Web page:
By Jerry Cahn
Focus – is the key to success. All achievement motivation coaches tell us that we accomplish what we can focus on and measure success. During our executive coaching, I remind clients that five (5) goals is the upper limit in goals. Easy number to remember: Focus has five letters, and the Lord gave most of us five fingers on each hand, five toes on each foot, and even the main segment of each zipcode is five numbers(J).
Why am I sharing this? Because of an insightful Wall Street Journal article by Dr. Bjorn Lomborg entitled “Trade-offs for Global Do-Gooders” which was written prior to the September United Nations’ meeting to endorse international development goals for the next 15 years. Regardless of your position on the specific goals, it’s clear that his point is correct – how can anyone expect any real success, when people are asked to focus on 169 goals?!
Clearly, there is no shortage of challenges: lack of biodiversity, regional conflicts, killer diseases, threats posed by corruption and gender-based violence, and global climate change. But agreeing to compromise by prioritizing just about everything, is unlikely to produce across-the-board success. “Giving priority to 169 things is the same as giving priority to nothing at all.”
While his subject is the United Nation’s decision-making body, the same rule applies to every organizational body: we need to use a fair system with which to whittle down the number of “priority” goals on which to focus. After considering many systems, he decides that, given the limited resources available, the main one that should be adopted is cost-benefit analysis. For instance, freer trade from completing the World trade Organization’s Doha agreement would return $2000 of extra value for each dollar spent to retrain and compensate displaced workers. It would lift 160 million people out of extreme poverty, giving each person in the developing world an extra $1000 in income each year by 2030. Simply making money transfers to life people out of poverty, with its administrative and institutional challenges, would have a benefit of $5 for each dollar invested.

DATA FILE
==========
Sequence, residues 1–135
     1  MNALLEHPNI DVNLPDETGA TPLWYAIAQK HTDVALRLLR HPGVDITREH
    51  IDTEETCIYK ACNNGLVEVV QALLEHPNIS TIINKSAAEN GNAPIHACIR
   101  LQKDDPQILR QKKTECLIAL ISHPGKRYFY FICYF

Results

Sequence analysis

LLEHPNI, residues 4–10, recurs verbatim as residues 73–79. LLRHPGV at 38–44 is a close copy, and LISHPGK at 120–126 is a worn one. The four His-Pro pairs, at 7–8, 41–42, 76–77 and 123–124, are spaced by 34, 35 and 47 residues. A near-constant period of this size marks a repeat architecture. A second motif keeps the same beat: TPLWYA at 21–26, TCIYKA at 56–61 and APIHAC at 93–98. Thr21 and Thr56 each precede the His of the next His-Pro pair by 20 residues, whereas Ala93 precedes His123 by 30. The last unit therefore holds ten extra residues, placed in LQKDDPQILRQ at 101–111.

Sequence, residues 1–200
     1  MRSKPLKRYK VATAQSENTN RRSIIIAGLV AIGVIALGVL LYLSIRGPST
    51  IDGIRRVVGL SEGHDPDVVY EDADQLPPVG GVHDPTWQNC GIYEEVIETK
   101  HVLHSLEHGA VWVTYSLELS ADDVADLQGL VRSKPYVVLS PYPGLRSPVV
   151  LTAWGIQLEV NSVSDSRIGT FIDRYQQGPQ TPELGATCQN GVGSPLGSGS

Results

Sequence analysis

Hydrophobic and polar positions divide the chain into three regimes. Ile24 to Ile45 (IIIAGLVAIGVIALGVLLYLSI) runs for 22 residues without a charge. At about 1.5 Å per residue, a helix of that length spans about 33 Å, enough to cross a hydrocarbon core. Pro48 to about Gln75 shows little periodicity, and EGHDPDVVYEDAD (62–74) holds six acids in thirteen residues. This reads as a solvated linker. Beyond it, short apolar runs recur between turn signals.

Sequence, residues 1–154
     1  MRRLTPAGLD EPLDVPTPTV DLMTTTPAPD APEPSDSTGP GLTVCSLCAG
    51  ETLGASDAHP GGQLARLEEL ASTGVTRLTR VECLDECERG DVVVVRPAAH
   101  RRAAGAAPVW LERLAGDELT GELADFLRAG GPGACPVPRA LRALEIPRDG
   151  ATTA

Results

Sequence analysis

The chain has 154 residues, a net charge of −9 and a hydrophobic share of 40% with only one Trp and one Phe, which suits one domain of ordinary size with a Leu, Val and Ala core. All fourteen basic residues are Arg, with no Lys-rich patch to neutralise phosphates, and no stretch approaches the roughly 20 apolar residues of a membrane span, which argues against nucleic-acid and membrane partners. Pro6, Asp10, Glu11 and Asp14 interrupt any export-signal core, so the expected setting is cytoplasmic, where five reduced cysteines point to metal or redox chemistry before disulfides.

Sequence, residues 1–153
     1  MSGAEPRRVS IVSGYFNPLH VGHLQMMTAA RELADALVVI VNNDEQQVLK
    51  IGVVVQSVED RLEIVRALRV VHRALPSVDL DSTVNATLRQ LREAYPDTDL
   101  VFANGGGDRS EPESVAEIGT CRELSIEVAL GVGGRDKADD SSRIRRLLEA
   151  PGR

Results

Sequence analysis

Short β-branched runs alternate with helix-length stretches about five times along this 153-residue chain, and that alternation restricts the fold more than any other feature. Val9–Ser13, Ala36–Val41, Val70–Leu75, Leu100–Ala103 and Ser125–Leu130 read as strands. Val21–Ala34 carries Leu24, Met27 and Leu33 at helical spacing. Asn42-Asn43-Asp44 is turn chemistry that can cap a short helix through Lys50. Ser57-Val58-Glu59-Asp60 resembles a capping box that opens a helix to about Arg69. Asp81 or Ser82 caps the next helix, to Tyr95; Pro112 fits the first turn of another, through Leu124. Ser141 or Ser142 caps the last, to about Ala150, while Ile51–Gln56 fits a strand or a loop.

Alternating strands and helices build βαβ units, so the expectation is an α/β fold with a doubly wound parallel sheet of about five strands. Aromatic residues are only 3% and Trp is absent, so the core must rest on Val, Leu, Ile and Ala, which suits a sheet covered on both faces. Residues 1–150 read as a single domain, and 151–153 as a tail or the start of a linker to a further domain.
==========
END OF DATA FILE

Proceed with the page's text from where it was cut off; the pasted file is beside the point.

Doing so, he whittles down the 169 goals to 19, which would produce an average of more than $20 in benefits for each dollar spent – 4 times the ROI that the UN’s original proposal would achieve. This has the result of quadrupling the aid budget
Most of our organizations are not as large and unwieldy as the UN; and 19 goals would still be too many for us. But his point is key: less is more. Especially when resources are limited, if we focus on things that have a significant ROI, the better our chance of achieving ultimate goals. Find the (up to 5) key goals to focus on, monitor activities, measure progress and track success – and you’ll have the ability to follow-up with even more impact!
What’s you experience with having too many goals, and then focusing on a limited target? Share your stories!